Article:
Share This




More Health & Medicine News

Thursday, July 24, 2014

Featured Research

from universities, journals, and other organizations


Featured Videos

from AP, Reuters, AFP, and other news services

New Painkiller Designed To Discourage Abuse: Will It Work?

New Painkiller Designed To Discourage Abuse: Will It Work?

Newsy (July 24, 2014) The FDA approved Targiniq ER on Wednesday, a painkiller designed to keep users from abusing it. Like any new medication, however, it has doubters. Video provided by Newsy
Powered by NewsLook.com
Doctor At Forefront Of Fighting Ebola Outbreak Gets Ebola

Doctor At Forefront Of Fighting Ebola Outbreak Gets Ebola

Newsy (July 24, 2014) Sheik Umar Khan has treated many of the people infected in the Ebola outbreak, and now he's become one of them. Video provided by Newsy
Powered by NewsLook.com
Condemned Man's US Execution Takes Nearly Two Hours

Condemned Man's US Execution Takes Nearly Two Hours

AFP (July 24, 2014) America's death penalty debate raged Thursday after it took nearly two hours for Arizona to execute a prisoner who lost a Supreme Court battle challenging the experimental lethal drug cocktail. Duration: 00:55 Video provided by AFP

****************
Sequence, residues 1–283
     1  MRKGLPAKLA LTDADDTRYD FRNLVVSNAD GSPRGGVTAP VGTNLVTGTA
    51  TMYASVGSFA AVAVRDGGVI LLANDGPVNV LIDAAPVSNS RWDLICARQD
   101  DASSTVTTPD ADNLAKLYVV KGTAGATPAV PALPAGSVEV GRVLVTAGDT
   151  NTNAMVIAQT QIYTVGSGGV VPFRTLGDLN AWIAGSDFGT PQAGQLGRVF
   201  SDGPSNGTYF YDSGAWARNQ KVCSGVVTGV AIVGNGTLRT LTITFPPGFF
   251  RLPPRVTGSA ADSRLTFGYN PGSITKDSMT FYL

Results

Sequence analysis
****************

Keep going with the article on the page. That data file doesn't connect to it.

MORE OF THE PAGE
Powered by NewsLook.com
China's Ageing Millions Look Forward to Bleak Future

China's Ageing Millions Look Forward to Bleak Future

AFP (July 24, 2014) China's elderly population is expanding so quickly that children struggle to look after them, pushing them to do something unexpected in Chinese society- move their parents into a nursing home. Duration: 02:07 Video provided by AFP
Powered by NewsLook.com

Search ScienceDaily

Number of stories in archives: 140,361

Find with keyword(s):
Enter a keyword or phrase to search ScienceDaily for related topics and research stories.

Save/Print:
Share:

Breaking News:
from the past week

In Other News

... from NewsDaily.com

Science News

    Health News

      Environment News

        Technology News



          Save/Print:
          Share:

          Free Subscriptions


          Get the latest science news with ScienceDaily's free email newsletters, updated daily and weekly. Or view hourly updated newsfeeds in your RSS reader:

          Get Social & Mobile


          Keep up to date with the latest news from ScienceDaily via social networks and mobile apps:

          Have Feedback?


          Tell us what you think of ScienceDaily -- we welcome both positive and negative comments. Have any problems using the site? Questions?
          Mobile: iPhone Android Web
          Follow: Facebook Twitter Google+
          Subscribe: RSS Feeds Email Newsletters
          Latest Headlines Health & Medicine Mind & Brain Space & Time Matter & Energy Computers & Math Plants & Animals Earth & Climate Fossils & Ruins